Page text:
Napoleon III later had the fountain relocated to the the east side of the Palais du Luxembourg, where it is found today. Today the long, tranquil basin of water is flanked by plane trees and sculptures inspired by Greek mythology.

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Musée du Luxembourg

Couple kissing in the garden

Another legacy of Marie de Medici is her collection of paintings that were displayed in the palais at Luxembourg, often considered the first public museum in Paris. There were 24 paintings by Rubens of the royal family as well as the Royal Collection of 100 paintings by Leonardo da Vinci, Raphael, Veronese, Rembrandt Van Dyck. Not a bad lineup !

In 1818, Musée du Luxembourg was designated as a space for living artists and the 100 paintings from the Royal Collection were moved to the Louvre. On display in the 19th century were paintings by David, Ingres, and Delacroix. (Another good lineup.) After the French Senate took over the palace and the gardens in 1879, a new structure was built, a smaller building next to the main palais, and this is the current home of the museum. The first Impressionist exhibition in Paris was held here with works by Pissarro, Renoir, Sisley and Cezanne. This enviable collection was eventually moved to the Musée d'Orsay.

Today, there is no permanent collection at the Musée du Luxembourg, but it is used for a few themed exhibitions annually. In recent years we've seen shows featuring the royal portraits of Rubens, an exhibit marking the 200th anniversary of the death of Napoleon's empress Josephine, and Cézanne's paintings made while he was in Paris.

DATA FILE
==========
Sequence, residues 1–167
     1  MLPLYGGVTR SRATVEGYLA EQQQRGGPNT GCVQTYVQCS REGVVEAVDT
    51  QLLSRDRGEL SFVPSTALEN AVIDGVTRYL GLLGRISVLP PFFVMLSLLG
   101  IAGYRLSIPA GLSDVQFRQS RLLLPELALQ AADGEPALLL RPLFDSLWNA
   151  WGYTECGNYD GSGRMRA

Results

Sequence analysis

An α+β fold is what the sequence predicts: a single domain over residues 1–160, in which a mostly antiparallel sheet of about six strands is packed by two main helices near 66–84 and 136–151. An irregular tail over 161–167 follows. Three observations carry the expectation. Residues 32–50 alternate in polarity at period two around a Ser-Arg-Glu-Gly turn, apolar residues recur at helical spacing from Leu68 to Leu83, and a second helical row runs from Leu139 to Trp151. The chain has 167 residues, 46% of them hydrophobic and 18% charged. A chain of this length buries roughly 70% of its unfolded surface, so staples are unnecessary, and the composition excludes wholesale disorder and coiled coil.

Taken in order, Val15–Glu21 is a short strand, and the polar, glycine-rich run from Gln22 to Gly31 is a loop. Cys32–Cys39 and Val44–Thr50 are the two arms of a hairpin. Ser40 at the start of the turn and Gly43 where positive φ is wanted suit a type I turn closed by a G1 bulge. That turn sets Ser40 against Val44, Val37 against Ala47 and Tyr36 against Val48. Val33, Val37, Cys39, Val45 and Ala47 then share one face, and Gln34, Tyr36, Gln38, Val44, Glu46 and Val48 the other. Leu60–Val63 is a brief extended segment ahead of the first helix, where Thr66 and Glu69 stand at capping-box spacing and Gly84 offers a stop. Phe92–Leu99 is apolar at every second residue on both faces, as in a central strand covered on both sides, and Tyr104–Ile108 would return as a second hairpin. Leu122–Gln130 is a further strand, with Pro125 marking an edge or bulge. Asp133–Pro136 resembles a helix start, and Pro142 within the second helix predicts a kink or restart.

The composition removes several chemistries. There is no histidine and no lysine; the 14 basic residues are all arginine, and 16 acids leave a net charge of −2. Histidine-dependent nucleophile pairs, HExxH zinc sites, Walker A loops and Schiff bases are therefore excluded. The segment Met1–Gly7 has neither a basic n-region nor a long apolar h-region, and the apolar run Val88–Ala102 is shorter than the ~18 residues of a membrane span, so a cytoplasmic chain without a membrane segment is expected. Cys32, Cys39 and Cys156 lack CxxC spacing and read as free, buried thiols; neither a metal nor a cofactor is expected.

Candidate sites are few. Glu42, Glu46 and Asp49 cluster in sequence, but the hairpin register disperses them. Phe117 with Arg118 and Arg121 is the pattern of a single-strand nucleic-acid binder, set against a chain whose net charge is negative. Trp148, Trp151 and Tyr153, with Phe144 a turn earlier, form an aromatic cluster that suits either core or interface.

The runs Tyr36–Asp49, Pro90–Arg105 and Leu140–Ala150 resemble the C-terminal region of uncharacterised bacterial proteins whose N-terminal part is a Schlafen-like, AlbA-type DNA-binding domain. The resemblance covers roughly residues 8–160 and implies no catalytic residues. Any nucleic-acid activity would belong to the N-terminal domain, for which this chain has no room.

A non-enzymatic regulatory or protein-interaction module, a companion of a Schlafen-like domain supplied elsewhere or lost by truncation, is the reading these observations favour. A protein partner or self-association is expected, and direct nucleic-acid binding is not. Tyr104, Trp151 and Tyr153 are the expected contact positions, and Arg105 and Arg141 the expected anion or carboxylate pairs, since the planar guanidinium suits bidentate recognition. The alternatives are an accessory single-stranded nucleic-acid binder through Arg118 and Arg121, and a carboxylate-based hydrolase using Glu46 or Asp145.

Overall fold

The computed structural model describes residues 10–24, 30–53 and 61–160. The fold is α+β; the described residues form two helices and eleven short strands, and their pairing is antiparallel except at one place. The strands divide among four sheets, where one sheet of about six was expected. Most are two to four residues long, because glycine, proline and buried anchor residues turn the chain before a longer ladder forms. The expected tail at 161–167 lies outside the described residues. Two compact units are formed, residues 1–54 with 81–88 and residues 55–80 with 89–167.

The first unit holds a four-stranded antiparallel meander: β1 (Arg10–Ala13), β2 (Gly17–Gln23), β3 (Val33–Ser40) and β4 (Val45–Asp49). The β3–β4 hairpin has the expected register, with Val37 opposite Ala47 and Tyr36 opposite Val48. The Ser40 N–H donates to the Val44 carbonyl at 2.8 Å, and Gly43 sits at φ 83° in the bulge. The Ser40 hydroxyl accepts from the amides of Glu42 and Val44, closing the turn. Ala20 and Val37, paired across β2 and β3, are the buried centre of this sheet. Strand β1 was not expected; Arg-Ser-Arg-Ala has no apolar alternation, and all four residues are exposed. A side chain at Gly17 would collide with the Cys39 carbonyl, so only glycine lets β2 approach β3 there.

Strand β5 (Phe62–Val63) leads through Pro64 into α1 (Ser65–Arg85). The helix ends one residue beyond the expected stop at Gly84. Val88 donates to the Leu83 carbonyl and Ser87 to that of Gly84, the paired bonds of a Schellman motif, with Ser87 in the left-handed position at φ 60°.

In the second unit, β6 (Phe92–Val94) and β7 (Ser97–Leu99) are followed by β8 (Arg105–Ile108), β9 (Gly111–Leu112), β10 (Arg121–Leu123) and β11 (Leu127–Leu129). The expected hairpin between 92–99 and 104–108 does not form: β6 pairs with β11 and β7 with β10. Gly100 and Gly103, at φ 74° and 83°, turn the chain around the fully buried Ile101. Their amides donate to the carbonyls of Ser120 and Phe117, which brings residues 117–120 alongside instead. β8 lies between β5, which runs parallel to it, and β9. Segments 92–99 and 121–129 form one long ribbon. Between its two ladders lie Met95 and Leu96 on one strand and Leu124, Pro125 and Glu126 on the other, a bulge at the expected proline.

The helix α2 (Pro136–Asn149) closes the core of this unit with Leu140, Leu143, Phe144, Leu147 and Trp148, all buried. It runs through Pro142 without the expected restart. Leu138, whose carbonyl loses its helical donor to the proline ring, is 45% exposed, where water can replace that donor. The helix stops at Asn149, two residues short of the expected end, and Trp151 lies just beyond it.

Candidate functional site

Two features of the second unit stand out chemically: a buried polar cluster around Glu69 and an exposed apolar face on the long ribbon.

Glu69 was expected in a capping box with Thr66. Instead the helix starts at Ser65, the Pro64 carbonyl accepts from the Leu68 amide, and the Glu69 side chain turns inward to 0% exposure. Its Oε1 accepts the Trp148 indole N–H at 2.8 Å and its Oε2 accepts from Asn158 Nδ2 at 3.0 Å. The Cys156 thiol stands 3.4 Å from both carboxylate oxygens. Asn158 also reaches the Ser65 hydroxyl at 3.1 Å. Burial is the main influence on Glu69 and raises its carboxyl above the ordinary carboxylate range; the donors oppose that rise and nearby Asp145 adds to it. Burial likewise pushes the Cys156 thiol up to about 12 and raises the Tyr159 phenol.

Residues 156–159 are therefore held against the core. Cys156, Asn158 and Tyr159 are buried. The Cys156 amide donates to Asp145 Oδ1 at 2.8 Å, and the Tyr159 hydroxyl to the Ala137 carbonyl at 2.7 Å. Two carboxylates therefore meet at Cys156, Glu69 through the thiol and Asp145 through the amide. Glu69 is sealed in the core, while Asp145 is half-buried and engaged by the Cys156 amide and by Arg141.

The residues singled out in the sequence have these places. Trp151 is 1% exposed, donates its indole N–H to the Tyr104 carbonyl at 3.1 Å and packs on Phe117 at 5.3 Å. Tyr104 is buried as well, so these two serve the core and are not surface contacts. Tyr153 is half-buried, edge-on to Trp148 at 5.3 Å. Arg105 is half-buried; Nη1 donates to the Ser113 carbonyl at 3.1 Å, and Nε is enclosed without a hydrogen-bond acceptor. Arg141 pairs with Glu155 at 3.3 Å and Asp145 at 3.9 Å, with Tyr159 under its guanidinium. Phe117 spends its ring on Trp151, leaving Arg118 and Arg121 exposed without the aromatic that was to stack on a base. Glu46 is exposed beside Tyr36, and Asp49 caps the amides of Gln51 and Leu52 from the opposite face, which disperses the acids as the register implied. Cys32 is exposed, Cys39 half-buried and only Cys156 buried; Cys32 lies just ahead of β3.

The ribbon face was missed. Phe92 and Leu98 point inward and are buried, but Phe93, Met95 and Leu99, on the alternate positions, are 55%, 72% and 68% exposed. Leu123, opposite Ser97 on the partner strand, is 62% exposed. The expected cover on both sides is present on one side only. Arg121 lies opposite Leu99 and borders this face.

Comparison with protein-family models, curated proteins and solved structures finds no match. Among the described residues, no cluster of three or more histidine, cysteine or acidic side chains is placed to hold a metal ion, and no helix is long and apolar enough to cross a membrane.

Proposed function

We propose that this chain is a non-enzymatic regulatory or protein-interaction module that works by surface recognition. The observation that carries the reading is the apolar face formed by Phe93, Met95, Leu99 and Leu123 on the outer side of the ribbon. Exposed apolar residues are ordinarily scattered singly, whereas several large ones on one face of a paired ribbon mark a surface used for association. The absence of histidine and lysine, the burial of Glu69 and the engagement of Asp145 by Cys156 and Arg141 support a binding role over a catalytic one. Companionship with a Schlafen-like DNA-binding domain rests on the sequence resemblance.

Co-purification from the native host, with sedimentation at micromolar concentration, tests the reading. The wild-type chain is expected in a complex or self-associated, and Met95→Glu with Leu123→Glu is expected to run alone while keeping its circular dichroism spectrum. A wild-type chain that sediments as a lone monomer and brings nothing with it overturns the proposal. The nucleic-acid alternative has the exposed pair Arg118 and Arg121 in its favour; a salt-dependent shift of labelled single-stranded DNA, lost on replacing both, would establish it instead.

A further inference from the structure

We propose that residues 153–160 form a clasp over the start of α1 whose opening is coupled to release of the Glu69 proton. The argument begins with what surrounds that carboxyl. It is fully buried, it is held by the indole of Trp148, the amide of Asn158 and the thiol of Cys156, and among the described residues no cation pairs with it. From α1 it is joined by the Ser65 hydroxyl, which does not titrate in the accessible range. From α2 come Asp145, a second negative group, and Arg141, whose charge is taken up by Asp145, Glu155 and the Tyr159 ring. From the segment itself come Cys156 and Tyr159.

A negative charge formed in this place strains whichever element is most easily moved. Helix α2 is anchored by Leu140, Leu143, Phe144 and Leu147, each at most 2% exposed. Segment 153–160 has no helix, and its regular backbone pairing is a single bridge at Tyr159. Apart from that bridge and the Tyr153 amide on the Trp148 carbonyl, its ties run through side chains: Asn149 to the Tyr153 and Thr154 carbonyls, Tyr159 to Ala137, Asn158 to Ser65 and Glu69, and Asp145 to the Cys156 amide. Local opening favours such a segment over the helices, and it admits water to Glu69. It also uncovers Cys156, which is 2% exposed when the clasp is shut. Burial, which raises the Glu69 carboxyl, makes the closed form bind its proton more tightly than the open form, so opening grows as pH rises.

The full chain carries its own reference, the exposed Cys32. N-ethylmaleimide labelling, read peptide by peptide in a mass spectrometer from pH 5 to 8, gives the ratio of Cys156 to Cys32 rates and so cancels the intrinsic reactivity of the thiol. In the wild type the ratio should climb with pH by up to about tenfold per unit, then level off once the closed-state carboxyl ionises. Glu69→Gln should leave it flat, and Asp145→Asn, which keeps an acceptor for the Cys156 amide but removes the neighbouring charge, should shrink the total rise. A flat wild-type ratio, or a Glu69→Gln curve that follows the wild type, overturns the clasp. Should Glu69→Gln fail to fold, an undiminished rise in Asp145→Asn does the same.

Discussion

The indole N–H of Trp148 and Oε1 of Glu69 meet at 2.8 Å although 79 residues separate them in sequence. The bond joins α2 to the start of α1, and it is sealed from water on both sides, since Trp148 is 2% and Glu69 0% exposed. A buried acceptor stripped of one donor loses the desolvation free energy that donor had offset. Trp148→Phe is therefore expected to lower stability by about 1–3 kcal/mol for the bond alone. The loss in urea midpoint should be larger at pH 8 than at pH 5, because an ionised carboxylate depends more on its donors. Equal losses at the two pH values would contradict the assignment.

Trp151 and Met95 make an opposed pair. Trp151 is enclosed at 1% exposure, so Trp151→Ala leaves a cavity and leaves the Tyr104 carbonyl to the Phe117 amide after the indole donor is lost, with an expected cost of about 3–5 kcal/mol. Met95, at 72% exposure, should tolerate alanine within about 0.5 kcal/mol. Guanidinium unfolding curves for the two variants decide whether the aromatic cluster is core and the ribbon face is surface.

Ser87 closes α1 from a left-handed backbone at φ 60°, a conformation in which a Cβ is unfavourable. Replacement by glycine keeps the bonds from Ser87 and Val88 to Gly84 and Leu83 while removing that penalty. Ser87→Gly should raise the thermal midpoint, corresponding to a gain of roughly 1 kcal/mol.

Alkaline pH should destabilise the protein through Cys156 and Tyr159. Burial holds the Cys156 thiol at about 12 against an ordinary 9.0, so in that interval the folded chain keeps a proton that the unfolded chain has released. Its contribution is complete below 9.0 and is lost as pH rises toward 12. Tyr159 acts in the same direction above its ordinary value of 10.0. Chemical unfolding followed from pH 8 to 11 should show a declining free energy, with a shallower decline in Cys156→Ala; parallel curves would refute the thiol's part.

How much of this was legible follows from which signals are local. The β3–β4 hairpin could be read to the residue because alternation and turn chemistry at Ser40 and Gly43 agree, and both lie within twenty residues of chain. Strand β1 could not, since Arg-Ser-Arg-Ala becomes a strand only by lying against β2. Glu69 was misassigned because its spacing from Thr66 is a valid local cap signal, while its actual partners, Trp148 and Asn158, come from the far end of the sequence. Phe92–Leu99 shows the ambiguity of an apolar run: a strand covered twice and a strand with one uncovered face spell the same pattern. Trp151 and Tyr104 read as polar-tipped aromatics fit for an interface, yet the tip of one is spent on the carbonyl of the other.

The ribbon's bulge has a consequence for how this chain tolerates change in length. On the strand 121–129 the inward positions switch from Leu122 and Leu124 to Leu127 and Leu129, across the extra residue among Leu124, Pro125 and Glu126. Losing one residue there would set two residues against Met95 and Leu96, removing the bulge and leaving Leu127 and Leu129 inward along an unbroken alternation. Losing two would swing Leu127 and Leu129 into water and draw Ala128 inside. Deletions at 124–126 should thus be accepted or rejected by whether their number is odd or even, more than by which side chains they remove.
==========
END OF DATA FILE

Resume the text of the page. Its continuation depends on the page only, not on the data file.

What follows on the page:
The Bandstand

People in chairs

Built in 1888, based on plans of Charles Garnier (the architect who masterminded Palais Garnier), the gazebo bandstand presents dozens of free musical events from June to October. Check the schedule on the French Senate website. It's in French, but you can get an idea of the list of events.

A Brief History of Jardin du Luxembourg

World War II Liberation

Marie de Medici, who we mentioned was wife of Henri IV and mother of Louis XII, purchased the land in 1612 to create a royal estate inspired by her hometown of Florence. The palace she built housed royalty right up until the French Revolution. In 1791, it was declared a National Palace and became the hub of government including the Directoire, the House of Peers, and eventually the Senate.

The palace and the park were occupied by the Nazis during World War II but were liberated on August 25, 1944 when Allied troops surrounded and capture the 2,000 German soldiers who had taken refuge in the garden. It's hard today to imagine armored tanks rumbling through the peaceful park.

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Jardin du Luxembourg Resources

  • Metro Lines 4 & 8, Odeon
  • RER B, Luxembourg
  • Miniature sailboats rental Wednesday, Saturday, Sunday
  • Marionette performances Wednesday, Saturday, Sunday, and holidays